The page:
As a sponsor, you must prove that you meet the financial requirements to sponsor your parents. To do so, you must file Form I-864 (Affidavit of Support) with U.S. Citizenship and Immigration Services (USCIS) or I-134 (Declaration of Financial Support) with the Department of State.
Your relative must undergo a medical examination to meet U.S. health standards.
Your relative must also be admitted or admissible to the United States. This means they must not have a disqualifying criminal record or have violated U.S. immigration laws.
Wait for the priority date
Once you have filed Form I-130, you will receive notification from the National Visa Center (NVC) of the date your relative’s green card application was received, known as the priority date. The length of the wait depends on how many people in the same category with the same priority date are ahead of your parents and what country they are nationals of.
Consular processing or status adjustment
Once your relative’s priority date is valid, they will have to undergo either consular processing or adjustment of status, depending on whether or not they are currently in the United States.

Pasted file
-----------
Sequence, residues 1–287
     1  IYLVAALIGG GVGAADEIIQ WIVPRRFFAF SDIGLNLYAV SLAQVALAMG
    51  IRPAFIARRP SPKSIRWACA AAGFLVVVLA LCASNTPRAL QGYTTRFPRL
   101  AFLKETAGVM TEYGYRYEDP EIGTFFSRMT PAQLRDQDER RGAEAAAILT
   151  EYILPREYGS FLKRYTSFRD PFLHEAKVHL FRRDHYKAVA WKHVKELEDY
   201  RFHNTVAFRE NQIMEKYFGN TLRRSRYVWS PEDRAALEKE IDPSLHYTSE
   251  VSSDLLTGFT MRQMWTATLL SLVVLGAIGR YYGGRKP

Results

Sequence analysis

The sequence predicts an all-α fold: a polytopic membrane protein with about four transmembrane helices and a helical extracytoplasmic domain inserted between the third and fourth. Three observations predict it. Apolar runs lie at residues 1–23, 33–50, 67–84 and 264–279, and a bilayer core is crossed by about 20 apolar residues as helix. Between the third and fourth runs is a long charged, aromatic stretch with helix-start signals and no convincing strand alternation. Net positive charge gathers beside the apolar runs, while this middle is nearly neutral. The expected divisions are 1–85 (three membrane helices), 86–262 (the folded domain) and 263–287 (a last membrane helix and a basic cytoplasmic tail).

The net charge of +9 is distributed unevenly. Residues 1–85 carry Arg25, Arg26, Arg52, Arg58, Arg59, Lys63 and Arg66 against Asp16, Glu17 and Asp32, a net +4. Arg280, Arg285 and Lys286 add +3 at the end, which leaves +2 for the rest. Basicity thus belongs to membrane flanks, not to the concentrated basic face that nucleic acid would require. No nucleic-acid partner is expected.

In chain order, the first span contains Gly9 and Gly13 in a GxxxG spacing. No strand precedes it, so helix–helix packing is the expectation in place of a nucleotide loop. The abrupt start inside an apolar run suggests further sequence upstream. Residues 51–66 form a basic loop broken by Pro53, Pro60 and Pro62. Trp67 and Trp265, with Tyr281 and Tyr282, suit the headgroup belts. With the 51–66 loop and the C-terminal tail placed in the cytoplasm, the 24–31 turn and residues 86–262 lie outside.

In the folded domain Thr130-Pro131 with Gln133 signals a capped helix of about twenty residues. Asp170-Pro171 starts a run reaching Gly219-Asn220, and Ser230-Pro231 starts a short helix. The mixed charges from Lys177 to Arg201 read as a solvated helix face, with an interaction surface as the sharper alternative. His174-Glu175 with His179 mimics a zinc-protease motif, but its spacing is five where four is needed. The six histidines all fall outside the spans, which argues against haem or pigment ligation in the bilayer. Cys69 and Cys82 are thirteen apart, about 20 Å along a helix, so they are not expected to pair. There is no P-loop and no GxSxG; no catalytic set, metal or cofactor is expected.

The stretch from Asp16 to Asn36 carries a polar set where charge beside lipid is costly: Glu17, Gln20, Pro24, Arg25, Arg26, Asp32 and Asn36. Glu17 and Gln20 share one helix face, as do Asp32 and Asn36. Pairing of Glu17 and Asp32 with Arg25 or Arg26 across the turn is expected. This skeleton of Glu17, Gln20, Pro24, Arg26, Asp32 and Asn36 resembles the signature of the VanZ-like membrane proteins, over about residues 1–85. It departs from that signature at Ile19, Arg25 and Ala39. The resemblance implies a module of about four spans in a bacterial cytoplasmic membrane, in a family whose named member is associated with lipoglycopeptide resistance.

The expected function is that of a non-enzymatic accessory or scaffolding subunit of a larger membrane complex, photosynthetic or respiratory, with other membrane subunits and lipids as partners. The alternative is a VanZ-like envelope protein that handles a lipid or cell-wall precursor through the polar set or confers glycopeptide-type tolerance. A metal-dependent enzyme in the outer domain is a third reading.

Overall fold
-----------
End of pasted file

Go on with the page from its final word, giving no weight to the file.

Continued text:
Participation in a Green Card Interview
Your relative will be required to participate in a green card interview. They will be required to answer questions about their relationship to you and whether they are admissible to the United States and provide any additional documentation requested by USCIS.
Key factors related to Family-Based Green Card for Parents
An immigrant visa is a document that allows foreign nationals to enter and remain in the country for a specified period. It shows that the visa holder has met specific criteria for entry into the United States.
Embassy and Consulate